Working from the principal of ‘not one more leaf rots unpicked in a field’, and bringing together elements of the Reko ring and CSA (Community Supported Agriculture), agroecological producers and consumers are connected up. Once established with volunteer support, members take over and self-organise. Teams of volunteers are working on the creation of content and the dissemination of the campaign so it generates responses from consumers all over Greece. The aim is to develop PGS (Participatory Guarantee Systems) and CSA (Community Supported Agriculture) networks that will further solidify the Food Sovereignty movement on a national level.
Romania – Civitas
Nod Verde is a Food-Hub, based in Cluj-Napoca, Romania, which brings together local farmers and creates a community of urban consumers, thus promoting the short food supply chain. The Food Hub was developed by Civitas Foundation for Civil Society – Cluj-Napoca Branch. Since 2018, Nod Verde has supported more than 130 producers and has promoted over 250 types of products.
Today, in the context of Covid 19, Nod Verde has grown its capacity in order to support the local farmers around Cluj to sell their products to many of us who got stuck at home due to the lockdown. Civitas made sure to deliver fresh food in the most secure conditions for our customers and we have seen how important is to have a community of people, all eager to receive fresh products, thus helping the local producers.
UK/World – Open Food Network
Open Food Network offers an open source (i.e. publicly-owned and non-proprietary) platform enabling new, ethical supply chains. Food producers can sell online directly to consumers, while wholesalers can manage buying groups and supply produce through networks of food hubs and shops. Communities can bring together producers to create a virtual farmers’ market, building a resilient local food economy.
At a time when supply chains are being disrupted around the world — resulting in both food waste and shortages — OFN is expanding, providing an option for producers whose farmers markets have been closed. Globally, the Open Food Network is currently deployed in India, Brazil, Italy, South Africa, Australia, the UK, the US, and five other countries, with the initiative being established in other countries such as Ireland.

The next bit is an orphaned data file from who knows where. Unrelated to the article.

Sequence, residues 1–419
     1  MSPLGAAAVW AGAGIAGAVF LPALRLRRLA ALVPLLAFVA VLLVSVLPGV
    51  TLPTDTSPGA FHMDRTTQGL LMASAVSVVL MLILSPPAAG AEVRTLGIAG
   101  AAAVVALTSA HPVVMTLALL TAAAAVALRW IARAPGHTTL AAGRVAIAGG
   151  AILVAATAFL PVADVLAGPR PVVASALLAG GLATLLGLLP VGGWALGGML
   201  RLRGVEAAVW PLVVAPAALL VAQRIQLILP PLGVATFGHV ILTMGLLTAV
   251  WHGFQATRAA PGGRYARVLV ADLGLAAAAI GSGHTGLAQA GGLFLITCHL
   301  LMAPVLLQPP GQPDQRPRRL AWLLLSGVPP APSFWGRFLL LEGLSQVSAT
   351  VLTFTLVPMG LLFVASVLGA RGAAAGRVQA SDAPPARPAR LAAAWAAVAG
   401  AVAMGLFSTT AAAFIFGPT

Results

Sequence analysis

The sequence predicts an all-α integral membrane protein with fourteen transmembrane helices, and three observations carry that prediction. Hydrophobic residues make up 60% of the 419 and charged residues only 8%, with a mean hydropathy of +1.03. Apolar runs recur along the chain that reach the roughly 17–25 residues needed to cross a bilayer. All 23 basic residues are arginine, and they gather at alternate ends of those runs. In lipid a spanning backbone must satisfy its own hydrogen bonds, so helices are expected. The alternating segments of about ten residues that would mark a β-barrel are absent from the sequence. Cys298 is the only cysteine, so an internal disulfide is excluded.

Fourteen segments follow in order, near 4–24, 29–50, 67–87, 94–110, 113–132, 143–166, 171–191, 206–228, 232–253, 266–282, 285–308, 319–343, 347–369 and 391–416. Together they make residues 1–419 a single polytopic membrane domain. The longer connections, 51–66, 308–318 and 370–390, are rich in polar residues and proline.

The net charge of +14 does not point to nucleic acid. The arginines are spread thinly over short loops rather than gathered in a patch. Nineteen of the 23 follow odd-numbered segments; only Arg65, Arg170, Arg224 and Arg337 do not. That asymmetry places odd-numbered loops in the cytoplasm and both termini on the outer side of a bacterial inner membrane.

Unlike other similar digital platforms, OFN is a not-for-profit initiative and a distributed collaborative organisation. There is great backend support for new people to the network, as well as ongoing support for all, including on interoperability. It is run by committed people, blending aspects of sociocracy and holacracy with governance elements developed over time in response to specific challenges and tensions in those models. More on how it operates here.
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Since the COVID outbreak we have seen an 850% increase in the turnover through OFN shopfronts across all European instances.
Small-scale producers, community food enterprises and resilient local economies all face threats from the COVID crisis situation. This has also been a time when there are massive opportunities to support and strengthen them as they are playing a vital role in ensuring food supplies in communities worldwide.
Since lockdown began, the local food networks we support have expanded dramatically. These networks are supporting many vulnerable families and individuals who found supermarket delivery slots are booked out for weeks. Many food producers who were supplying the hospitality sector had to rapidly restructure their supply chains to find new routes to market – in many cases this meant finding local markets with households who were very keen to buy from local producers.
Nick Weir of OFN